Writing rules have reasons.
by Andy Scheer
Even spine out, the book caught my attention. Murder Rides the Super Chief (title changed) promised to press three of my hot-buttons: a historical cozy on a cross-country train trip.
That got me through the opening chapter. But I kept wondering when the story would start. And why the author was detailing every facet of California life in the winter of 1952.
Things didn’t get any better when the heroine boarded. Starting with the engine, the author described the furnishings and features of each car.
Finally I learned why she was traveling to Chicago: She was a railroad employee. (Why didn’t the author include that in chapter one?)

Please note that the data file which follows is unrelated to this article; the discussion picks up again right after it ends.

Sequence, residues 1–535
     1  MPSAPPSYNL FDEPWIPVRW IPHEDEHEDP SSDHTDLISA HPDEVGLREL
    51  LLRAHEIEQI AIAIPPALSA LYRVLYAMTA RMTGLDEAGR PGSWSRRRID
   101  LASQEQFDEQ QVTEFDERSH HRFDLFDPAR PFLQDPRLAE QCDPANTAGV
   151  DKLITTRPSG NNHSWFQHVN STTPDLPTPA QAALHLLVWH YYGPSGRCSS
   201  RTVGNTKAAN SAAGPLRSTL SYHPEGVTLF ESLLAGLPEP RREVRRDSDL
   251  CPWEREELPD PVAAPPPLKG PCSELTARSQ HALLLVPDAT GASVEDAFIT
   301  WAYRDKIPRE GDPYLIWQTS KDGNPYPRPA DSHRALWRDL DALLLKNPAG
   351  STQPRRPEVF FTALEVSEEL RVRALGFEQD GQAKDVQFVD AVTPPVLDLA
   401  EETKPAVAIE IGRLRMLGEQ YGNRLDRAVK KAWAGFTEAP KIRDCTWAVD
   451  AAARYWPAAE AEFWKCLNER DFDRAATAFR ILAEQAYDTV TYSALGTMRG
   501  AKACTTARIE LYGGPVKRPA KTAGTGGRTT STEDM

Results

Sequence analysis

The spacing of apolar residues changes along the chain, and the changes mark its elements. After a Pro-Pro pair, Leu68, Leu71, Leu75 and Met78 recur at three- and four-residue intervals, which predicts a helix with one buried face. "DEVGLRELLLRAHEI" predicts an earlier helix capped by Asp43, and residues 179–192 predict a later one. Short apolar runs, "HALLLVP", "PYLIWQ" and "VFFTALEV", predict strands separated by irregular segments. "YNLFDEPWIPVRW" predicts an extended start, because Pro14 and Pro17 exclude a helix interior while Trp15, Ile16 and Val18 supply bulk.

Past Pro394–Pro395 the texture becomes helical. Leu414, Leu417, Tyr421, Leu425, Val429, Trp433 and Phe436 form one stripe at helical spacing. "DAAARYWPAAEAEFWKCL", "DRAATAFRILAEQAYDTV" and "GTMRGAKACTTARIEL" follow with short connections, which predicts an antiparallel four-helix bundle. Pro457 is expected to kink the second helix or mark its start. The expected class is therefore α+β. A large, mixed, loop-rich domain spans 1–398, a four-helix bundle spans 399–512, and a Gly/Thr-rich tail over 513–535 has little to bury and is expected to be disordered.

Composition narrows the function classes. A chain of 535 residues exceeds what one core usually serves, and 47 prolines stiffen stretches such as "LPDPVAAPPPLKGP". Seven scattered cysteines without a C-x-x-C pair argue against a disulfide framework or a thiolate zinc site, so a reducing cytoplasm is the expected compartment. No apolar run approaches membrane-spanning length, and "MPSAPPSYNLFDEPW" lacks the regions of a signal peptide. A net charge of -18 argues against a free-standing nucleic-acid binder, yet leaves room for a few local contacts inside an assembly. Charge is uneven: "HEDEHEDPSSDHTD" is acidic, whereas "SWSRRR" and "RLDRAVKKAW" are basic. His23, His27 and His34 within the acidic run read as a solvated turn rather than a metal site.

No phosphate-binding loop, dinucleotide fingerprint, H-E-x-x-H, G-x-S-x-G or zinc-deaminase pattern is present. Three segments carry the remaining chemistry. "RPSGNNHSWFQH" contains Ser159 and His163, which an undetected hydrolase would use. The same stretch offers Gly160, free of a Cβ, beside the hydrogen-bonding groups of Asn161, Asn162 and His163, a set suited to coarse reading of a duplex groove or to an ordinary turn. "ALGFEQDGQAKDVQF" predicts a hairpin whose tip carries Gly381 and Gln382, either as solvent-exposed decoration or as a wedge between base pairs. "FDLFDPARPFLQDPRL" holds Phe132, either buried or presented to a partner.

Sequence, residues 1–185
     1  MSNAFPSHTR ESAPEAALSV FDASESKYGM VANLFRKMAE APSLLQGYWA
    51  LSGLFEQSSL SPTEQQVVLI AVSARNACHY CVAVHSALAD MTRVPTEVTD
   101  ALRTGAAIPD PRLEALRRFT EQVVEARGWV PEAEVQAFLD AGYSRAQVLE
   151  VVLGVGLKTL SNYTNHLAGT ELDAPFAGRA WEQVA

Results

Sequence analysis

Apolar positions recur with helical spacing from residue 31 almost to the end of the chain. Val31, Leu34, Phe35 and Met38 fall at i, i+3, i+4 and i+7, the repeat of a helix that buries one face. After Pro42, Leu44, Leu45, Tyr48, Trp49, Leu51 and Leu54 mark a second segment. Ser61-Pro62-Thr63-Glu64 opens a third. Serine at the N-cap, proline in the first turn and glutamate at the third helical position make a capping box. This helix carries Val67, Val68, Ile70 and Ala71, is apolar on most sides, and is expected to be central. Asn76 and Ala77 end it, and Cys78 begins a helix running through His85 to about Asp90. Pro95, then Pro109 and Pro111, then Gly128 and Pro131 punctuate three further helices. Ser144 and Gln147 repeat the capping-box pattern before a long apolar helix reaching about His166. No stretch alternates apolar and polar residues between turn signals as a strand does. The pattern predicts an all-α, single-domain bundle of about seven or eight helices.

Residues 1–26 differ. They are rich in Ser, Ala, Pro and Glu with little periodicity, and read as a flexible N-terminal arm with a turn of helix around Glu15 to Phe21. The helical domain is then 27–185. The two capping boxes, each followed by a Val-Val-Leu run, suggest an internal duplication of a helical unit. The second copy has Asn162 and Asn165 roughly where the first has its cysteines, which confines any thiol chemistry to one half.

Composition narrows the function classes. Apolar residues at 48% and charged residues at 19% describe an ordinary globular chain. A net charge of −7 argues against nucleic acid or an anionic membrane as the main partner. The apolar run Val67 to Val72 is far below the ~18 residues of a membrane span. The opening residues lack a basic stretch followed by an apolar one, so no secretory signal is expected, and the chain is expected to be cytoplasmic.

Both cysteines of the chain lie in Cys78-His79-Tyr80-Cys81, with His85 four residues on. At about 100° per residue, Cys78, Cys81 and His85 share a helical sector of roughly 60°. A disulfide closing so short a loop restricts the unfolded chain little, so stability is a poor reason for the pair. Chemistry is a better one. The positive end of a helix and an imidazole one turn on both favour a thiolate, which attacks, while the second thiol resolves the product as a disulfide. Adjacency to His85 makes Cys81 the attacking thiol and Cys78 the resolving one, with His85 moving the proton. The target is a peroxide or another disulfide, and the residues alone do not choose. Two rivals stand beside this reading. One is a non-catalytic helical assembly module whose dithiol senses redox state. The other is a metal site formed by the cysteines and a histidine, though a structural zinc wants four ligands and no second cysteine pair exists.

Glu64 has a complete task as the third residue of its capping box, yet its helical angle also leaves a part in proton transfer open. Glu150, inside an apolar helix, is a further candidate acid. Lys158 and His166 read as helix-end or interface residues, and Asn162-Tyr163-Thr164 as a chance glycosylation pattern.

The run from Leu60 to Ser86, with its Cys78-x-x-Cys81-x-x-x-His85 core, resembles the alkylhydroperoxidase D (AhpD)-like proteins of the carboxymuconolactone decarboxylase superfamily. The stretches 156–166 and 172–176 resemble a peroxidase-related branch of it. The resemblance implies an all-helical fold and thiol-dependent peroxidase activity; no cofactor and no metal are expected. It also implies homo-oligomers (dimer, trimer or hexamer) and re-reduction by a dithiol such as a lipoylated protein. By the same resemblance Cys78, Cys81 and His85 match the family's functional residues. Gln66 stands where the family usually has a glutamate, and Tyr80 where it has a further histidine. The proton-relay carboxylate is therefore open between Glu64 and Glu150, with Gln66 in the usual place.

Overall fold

It turns out, she was the train’s hostess. And readers had to watch over her shoulder as she welcomed every passenger and directed each to their car.
Not just the obligatory colorful characters. Ordinary ones. All of them.
I jumped off the train.
If I ever wondered why writing teachers say fiction is life with the dull parts removed, I’ve seen the alternative. Likewise, I’ve seen why novels should begin in the middle of the action. And why your research and backstory should be sprinkled as spice, not spread as gravy, unless you want even the most eager reader to close the book.
Are you tempted to break a basic rule of contemporary fiction? You’d better have good reason — and know what you’re doing.